In criminal law, a mitigating factor serves to decrease the penalties associated with a criminal act. For example, if the defendant is very young or has a low mental capacity, then he or she may not have understood the nature of his or her criminal actions. By presenting age and mental capacity as mitigating factors to the crime, the penalties associated with the crime may decrease. Often, if a defendant is found mentally incompetent, he or she may be sent to a mental hospital instead of a jail or prison.
What can be considered a mitigating factor is determined by statue. Thus, what can be considered a mitigating factor varies widely by jurisdiction. Some examples of commonly accepted factors include:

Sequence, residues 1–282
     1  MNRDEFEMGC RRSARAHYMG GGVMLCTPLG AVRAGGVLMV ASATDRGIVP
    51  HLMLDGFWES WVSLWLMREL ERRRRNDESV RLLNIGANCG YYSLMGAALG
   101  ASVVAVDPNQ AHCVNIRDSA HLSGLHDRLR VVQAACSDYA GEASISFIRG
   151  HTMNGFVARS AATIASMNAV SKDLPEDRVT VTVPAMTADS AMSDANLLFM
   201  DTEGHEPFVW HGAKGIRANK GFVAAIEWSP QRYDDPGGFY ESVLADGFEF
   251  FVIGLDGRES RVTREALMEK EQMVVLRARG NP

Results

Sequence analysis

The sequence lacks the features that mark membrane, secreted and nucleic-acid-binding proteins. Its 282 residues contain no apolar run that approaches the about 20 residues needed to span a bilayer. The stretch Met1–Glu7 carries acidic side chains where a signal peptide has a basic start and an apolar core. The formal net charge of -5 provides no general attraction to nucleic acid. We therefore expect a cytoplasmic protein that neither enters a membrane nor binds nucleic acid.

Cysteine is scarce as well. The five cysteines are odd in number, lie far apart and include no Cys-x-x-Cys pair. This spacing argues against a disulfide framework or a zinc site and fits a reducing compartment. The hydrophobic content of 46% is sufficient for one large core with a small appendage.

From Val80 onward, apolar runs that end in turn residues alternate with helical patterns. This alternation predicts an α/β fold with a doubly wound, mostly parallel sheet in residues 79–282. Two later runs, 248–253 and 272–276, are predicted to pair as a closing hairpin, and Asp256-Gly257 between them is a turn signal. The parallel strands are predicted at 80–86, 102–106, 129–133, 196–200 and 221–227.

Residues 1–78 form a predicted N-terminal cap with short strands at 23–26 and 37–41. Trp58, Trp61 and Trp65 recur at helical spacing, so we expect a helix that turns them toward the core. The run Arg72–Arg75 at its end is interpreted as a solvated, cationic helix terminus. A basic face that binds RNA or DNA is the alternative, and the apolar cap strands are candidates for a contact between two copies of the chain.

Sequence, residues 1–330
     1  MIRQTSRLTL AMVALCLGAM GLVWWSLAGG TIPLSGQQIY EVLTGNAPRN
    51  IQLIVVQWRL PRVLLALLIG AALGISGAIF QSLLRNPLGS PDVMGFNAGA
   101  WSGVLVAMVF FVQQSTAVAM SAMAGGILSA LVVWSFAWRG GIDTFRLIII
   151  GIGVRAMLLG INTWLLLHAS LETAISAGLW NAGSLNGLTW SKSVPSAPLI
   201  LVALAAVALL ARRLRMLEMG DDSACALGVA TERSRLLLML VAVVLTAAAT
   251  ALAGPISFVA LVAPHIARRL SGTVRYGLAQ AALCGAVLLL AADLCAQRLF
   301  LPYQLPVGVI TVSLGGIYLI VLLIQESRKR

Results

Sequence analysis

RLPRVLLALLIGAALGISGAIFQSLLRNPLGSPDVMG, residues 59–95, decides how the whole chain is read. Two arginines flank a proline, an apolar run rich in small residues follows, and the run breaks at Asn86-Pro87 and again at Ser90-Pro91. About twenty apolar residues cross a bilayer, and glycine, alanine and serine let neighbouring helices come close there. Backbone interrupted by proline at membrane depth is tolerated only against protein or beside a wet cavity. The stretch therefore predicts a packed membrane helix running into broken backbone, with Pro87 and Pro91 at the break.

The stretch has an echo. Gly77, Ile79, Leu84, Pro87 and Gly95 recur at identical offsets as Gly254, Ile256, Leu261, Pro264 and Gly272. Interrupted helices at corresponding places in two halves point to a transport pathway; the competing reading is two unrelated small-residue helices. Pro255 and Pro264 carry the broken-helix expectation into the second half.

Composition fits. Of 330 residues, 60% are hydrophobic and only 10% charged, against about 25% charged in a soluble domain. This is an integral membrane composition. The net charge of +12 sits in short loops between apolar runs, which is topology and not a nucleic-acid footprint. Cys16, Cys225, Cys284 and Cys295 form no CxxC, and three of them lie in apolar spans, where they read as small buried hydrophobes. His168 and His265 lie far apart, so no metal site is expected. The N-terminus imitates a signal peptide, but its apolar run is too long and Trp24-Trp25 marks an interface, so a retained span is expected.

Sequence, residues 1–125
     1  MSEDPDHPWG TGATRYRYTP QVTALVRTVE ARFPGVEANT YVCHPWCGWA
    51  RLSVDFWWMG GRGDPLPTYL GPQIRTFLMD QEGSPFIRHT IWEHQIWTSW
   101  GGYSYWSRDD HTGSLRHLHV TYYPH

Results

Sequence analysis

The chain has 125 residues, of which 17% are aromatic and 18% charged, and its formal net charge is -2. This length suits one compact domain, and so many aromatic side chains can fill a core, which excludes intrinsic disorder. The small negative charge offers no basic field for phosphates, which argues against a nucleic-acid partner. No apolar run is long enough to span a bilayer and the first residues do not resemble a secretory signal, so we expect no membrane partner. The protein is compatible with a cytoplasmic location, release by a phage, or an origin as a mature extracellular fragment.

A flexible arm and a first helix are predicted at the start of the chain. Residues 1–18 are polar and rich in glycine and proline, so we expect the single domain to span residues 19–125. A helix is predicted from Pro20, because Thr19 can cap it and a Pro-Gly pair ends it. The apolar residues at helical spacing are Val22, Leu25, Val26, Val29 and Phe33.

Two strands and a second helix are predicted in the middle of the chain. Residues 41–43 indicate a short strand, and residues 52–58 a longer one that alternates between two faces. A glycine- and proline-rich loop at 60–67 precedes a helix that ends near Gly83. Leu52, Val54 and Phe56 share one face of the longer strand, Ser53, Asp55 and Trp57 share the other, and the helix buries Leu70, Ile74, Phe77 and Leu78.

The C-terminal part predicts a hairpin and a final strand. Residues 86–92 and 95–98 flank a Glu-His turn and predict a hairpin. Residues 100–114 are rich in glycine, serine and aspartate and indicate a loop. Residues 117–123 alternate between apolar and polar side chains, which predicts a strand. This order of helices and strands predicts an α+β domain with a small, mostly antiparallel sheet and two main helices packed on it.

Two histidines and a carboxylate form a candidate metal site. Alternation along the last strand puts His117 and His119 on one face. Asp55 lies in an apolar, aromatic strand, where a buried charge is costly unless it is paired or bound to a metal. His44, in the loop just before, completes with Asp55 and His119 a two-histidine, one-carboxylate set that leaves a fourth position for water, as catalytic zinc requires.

- The defendant’s age
- The defendant’s mental capacity
- The crime was an accident
- Self defense
- Provocation or "heat of passion"
- The defendant repented from his actions
In order to establish a strong defense for you criminal case, your best interests will be served by speaking with an experienced criminal defense attorney in your jurisdiction.